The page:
The Achievable Dream 5-part series - the definitive guide on DVD for planning your motorcycle adventure. Get Ready! covers planning, paperwork, medical and many other topics! "Inspirational and Awesome!" See the trailer here!
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So you've done it - got inspired, planned your trip, packed your stuff and you're on the road! This section is about staying healthy, happy and secure on your motorcycle adventure. And crossing borders, war zones or oceans!
On the Road! is 5.5 hours of the tips and advice you need to cross borders, break down language barriers, overcome culture shock, ship the bike and deal with breakdowns and emergencies."Just makes me want to pack up and go!" See the trailer here!
Tire Changing!Grant demystifies the black art of Tire Changing and Repair to help you STAY on the road! "Very informative and practical." See the trailer here!
Ladies on the Loose! For the first time ever, a motorcycle travel DVD made for women, by women! These intrepid women share their tips to help you plan your own motorcycle adventure. They also answer the women-only questions, and entertain you with amazing tales from the road! Presented by Lois Pryce, veteran solo traveller through South America and Africa and author of 'Lois on the Loose', and 'Red Tape and White Knuckles.'
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My mates wife just passed CBT and he reckons on getting her a 125 to come on a Scotland tour with us on 1000 / 650 cc bikes. I'm pretty sure it won't work and will be very frustrating ? Anyone done it?
Potentially brilliant, potentially disastrous, depending on how you play it.
Whatever you do, don't try to travel all together. The fast guys will just be frustrated, and relationships will suffer badly. She will feel pressured to ride faster than she is happy with, and that's an accident waiting to happen. Bad news either way.
Either use a drop-off system (the fast guys will spend a lot of time waiting at junctions, but can ride how they please otherwise), or make sure everyone has a map, decide on a rendezvous point/s and meet up at various points during the day. Faster riders/better bikes could take the long way there. Perhaps the guys could even take it in turn to ride with her - without making her feel she's a liability, of course. If you have to travel in convoy for any distance, make sure she is in front - remember the last guy always has to ride the fastest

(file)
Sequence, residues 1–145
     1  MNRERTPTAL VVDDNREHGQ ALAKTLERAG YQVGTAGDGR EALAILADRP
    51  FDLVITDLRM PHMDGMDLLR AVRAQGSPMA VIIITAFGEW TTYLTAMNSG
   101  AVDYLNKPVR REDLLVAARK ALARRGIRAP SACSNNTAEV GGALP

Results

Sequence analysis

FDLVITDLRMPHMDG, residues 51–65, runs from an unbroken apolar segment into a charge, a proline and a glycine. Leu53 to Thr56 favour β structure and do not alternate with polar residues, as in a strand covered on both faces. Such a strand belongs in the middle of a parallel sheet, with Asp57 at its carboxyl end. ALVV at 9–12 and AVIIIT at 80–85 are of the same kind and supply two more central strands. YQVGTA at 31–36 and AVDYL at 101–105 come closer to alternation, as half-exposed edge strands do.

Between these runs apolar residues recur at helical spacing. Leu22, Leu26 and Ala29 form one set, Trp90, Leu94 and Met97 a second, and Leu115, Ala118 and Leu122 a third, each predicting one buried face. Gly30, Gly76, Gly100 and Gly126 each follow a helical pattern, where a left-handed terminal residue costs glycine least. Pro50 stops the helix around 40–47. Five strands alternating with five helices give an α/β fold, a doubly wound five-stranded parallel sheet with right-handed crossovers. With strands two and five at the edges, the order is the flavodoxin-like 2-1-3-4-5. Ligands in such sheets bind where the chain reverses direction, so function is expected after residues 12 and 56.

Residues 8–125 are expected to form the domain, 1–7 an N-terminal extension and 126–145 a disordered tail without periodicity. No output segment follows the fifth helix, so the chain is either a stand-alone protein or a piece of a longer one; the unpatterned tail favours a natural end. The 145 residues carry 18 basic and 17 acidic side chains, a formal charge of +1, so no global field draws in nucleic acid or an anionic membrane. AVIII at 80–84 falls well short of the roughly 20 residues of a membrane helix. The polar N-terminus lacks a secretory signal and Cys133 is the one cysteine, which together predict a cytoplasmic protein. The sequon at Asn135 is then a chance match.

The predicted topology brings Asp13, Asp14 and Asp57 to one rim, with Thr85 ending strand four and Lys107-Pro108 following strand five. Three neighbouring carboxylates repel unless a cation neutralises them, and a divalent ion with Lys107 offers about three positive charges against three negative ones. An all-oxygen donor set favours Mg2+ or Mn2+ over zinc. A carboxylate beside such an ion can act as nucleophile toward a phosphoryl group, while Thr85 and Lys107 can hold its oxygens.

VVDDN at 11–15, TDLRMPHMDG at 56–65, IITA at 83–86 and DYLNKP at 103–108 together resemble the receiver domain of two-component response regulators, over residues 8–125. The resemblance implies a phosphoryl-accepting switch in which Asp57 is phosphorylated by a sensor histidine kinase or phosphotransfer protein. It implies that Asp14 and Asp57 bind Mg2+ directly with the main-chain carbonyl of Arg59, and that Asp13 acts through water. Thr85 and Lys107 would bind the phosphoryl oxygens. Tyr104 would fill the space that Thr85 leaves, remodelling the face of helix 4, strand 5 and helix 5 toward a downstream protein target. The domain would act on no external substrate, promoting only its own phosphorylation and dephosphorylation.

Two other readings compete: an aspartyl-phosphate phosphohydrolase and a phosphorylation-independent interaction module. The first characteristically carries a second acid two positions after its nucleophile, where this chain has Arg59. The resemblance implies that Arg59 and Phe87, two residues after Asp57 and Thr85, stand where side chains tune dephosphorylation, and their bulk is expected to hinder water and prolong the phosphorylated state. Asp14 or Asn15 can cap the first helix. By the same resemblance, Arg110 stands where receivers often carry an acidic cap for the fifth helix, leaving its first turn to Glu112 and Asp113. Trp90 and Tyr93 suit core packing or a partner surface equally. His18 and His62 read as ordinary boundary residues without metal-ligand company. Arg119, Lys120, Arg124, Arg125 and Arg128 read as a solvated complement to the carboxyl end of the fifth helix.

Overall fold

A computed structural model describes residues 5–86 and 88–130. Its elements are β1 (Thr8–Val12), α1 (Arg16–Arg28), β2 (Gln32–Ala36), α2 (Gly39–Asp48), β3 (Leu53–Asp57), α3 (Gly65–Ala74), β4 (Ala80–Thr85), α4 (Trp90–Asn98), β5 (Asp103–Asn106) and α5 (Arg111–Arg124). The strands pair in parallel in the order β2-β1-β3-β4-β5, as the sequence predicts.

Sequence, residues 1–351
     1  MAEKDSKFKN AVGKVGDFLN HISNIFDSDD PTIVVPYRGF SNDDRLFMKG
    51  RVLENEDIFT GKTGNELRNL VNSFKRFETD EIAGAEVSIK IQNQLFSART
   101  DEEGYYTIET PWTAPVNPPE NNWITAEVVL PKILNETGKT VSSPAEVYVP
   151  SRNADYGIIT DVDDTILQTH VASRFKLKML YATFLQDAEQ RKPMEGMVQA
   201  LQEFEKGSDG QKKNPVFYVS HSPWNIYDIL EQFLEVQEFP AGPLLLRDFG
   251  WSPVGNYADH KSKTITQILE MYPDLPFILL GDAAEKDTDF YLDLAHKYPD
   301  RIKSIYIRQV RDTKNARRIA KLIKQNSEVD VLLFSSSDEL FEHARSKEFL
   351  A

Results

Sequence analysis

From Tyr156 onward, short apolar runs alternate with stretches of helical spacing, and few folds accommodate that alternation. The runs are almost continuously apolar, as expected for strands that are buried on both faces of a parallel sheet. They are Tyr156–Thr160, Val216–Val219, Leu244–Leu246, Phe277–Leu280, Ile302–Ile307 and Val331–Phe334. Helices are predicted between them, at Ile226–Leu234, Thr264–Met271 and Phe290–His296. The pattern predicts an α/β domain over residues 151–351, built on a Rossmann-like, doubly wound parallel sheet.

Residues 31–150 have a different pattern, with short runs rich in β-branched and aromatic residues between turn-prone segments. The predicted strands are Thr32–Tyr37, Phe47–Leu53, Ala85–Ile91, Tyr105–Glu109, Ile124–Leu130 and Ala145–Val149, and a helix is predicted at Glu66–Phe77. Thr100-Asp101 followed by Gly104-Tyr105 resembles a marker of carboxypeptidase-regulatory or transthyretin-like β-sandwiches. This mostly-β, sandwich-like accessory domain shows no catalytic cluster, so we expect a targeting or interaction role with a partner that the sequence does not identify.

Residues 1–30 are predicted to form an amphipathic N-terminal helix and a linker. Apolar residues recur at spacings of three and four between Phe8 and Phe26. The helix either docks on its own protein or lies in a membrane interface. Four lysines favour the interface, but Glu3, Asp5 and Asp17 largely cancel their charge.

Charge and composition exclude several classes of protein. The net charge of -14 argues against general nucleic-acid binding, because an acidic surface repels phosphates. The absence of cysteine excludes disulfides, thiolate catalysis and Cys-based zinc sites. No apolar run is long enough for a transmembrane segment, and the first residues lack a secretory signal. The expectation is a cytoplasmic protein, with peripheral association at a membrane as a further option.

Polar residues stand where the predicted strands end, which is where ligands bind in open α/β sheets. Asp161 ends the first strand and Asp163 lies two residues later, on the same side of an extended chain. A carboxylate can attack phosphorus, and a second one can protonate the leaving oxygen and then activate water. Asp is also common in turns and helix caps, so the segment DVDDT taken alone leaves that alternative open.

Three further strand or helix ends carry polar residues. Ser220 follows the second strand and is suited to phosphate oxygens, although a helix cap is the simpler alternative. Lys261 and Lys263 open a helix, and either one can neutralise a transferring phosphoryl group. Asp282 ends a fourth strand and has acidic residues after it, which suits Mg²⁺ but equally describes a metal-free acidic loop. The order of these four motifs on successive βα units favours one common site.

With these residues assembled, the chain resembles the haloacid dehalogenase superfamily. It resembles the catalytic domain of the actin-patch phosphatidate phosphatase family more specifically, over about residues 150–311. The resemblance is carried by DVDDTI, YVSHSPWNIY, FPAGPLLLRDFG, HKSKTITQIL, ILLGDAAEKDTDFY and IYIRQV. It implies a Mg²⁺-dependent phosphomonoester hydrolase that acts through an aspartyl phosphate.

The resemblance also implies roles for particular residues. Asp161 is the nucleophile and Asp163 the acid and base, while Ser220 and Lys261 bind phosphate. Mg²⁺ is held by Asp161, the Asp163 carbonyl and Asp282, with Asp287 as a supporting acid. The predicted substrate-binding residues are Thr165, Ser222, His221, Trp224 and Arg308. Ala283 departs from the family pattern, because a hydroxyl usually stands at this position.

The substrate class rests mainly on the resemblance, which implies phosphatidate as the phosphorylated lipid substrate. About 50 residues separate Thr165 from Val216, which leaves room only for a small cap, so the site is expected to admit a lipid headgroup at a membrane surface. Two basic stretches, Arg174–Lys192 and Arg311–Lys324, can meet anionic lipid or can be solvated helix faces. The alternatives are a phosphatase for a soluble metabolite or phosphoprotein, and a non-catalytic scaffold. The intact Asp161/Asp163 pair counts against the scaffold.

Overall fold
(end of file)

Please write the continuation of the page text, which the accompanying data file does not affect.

A lot will depend on the relationships between the riders. If she is cute and a charmer, the other guys probably won't mind riding at her pace and being protective. If she's the kind that spoils the party when the lads get together, the thing won't last 50 miles.
I'm not hopeful, but if you are all good mates and are doing it for the journey rather than the chance for some hard riding, it could work. I'd be more worried about her feeling out of her depth than the other guys getting frustrated, to be honest.
Thanks for your thoughts, I agree 100% with your comments. I think it is a big ask for her to come on a trip like this, we go in about 4 weeks and she has no bike yet It would be a brilliant start for her if we all had 125cc ish bikes, sadly on this occasion I don't see it happening.
My Wife rode her 125 just after passing her cbt to the dragon rally (North Wales) from Southampton with others on 650-1000cc bikes and loved the ride up and the rally.On the way back it rained for the hole 7 hours of the trip so she never rode a bike again ,it was just to much.how about just riding on the back or renting a small bike in Scotland.
The idea of a hire bike is not a bad one though I may try and drop that one in his hat. Even if just the odd day over the course of the week.
I think this is the best approach. Mixing bikes which vary in displacement by a factor of ten is difficult under the best of circumstances; throw in a new rider, potential bad weather, unfamiliar roads....
IMHO, a new rider should not be left alone riding unless she is ferociously self-reliant by temperament. Even then, you're asking for trouble. Equally, a new rider should not be pushed beyond her comfort zone by faster, more experienced riders. Whether or not they intend to do this, the mere fact that the rest of you are having to wait for her at every intersection is going to push her to ride faster than she's really ready for. That's not good.
A couple of days of good weather on a small, rented bike is totally achievable, and ought to give her just about the right taste for riding. If your friend wants to give her a good experience, he'll sacrifice his own pleasure for those few days and ride along with her while the rest of you frolic. Ideally, they'd both rent identical little bikes and go for a gentle tour together. If he's not committed enough to do this, bringing her along is going to backfire on him...and probably on the rest of you.